KENYA: Drought Situation in Marsabit Worsening, Bishop Kihara Says

By Arnold Neliba

MARSABIT, OCTOBER 26, 2021 (CISA) – “The situation is in dire need. The whole county of Marsabit is affected, no water and grass for our people who are ordinarily pastoralists. We have not seen interventions for food,” said Bishop Peter Kihara of the Catholic Diocese of Marsabit.

In an interview with CISA on October 16, The Bishop observed that the drought situation has been brought about by reduced rainfall for the seasons of November 2020 and April to May of 2021.

“This is the third round and you can imagine what a great disaster there is for our people who are ordinarily pastoralists and depend on it for their livelihood, for the economy since for anything they need to do livestock is the source of income,” he said.

“When there is no water and there is no grass what do you do, you get stuck. Now they are being encouraged to sell the animals instead of them dying so that at least they can get the money and save something otherwise if they die they are lost.,” Bishop Kihara added.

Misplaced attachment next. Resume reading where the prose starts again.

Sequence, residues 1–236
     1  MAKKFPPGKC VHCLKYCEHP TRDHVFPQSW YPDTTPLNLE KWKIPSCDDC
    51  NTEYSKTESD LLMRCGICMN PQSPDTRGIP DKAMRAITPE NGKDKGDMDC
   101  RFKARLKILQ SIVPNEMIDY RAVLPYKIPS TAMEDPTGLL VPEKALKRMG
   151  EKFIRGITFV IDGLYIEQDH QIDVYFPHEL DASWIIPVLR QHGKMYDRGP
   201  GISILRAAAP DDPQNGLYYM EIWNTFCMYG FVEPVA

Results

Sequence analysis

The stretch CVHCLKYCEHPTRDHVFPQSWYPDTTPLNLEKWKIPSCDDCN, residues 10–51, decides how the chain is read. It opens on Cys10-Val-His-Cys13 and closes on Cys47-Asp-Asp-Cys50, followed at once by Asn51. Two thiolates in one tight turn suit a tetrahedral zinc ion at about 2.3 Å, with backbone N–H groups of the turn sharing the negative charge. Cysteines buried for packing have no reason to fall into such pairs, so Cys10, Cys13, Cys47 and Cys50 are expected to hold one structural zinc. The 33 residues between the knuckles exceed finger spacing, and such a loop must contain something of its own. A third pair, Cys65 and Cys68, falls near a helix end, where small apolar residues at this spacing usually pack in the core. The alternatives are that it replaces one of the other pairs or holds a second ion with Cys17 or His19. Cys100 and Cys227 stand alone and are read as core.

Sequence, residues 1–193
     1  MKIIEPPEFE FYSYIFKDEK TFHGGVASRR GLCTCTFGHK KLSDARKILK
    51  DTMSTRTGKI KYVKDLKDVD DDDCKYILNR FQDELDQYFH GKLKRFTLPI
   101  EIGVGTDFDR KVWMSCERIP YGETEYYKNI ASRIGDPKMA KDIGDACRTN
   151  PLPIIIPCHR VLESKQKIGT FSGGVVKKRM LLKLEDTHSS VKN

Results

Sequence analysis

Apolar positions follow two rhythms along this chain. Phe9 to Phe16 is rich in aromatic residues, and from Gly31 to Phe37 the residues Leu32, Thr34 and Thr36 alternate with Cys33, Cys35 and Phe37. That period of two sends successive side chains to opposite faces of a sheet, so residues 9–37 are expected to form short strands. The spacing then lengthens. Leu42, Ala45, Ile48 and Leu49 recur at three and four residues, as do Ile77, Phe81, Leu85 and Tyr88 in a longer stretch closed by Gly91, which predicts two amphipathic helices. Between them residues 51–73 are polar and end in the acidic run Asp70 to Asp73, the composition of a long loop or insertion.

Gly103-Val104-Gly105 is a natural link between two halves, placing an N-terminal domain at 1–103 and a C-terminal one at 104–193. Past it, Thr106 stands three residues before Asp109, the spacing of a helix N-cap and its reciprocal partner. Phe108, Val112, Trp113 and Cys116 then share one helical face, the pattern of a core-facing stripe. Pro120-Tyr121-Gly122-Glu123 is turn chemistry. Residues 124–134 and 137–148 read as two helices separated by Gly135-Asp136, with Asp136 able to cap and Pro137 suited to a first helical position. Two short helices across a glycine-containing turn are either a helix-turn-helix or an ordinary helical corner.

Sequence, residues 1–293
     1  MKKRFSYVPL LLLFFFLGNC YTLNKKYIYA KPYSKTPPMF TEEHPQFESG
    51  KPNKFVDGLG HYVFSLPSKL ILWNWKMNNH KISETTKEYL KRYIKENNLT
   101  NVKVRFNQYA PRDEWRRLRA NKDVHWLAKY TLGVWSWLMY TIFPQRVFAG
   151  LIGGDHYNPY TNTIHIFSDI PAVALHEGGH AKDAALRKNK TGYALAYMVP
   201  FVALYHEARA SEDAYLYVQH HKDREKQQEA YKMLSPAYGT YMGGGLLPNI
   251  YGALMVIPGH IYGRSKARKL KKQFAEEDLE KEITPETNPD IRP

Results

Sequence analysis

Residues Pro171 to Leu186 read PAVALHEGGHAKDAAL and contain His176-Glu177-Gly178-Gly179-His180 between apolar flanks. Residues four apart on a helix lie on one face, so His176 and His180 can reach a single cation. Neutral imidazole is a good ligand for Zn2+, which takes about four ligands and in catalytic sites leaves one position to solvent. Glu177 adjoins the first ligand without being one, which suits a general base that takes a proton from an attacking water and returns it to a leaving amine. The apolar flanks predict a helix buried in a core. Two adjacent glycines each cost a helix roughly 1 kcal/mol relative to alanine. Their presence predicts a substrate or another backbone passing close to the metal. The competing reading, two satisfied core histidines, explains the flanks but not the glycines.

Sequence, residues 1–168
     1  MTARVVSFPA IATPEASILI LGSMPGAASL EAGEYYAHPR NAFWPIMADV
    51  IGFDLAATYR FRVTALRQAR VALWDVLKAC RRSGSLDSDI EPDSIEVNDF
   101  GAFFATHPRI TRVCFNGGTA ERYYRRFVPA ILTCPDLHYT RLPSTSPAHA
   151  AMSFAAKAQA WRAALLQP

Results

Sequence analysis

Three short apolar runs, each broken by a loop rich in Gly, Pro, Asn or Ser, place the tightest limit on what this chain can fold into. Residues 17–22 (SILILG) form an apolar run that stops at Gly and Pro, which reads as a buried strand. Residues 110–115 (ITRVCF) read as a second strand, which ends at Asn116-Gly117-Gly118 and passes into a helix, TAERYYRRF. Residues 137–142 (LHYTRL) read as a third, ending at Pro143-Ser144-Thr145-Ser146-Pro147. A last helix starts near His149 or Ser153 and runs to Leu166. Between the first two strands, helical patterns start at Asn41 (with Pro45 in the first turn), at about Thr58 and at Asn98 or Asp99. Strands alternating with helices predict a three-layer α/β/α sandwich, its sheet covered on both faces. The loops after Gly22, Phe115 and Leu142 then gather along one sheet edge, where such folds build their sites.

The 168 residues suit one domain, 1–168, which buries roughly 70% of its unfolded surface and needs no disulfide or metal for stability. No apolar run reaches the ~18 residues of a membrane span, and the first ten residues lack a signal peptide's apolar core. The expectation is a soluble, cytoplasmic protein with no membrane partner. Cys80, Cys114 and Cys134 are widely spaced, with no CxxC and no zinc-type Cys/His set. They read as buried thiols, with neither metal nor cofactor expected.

The prelate also pointed out that the humanitarian situation in the county has been worsened by the ongoing ethnic clashes in the area.

“When we intervened as a diocese in early August there were people who had become internal refugees because of tribalism. Their houses were burnt, and brought down, so they had to look for other places or even tents and some were hosted by others,” he said.

According to a report by the United Nations Office for the Coordination of Humanitarian Affairs, “the cumulative impact of two consecutive poor rainy seasons, coupled with the COVID-19 pandemic, insecurity, pests and diseases have caused humanitarian needs to rapidly rise in the Arid and Semi-Arad Lands (ASAL) region of Kenya.”

The report approximates that there are at least 2.1 million people who are severely food insecure and adopting irreversible coping strategies to meet their minimum food needs, and this is expected to rise to nearly 2.4 million people from November 2021. In addition, food insecurity is expected to worsen in the period ahead based on the likelihood of poor rains during the upcoming short rains season of October to December.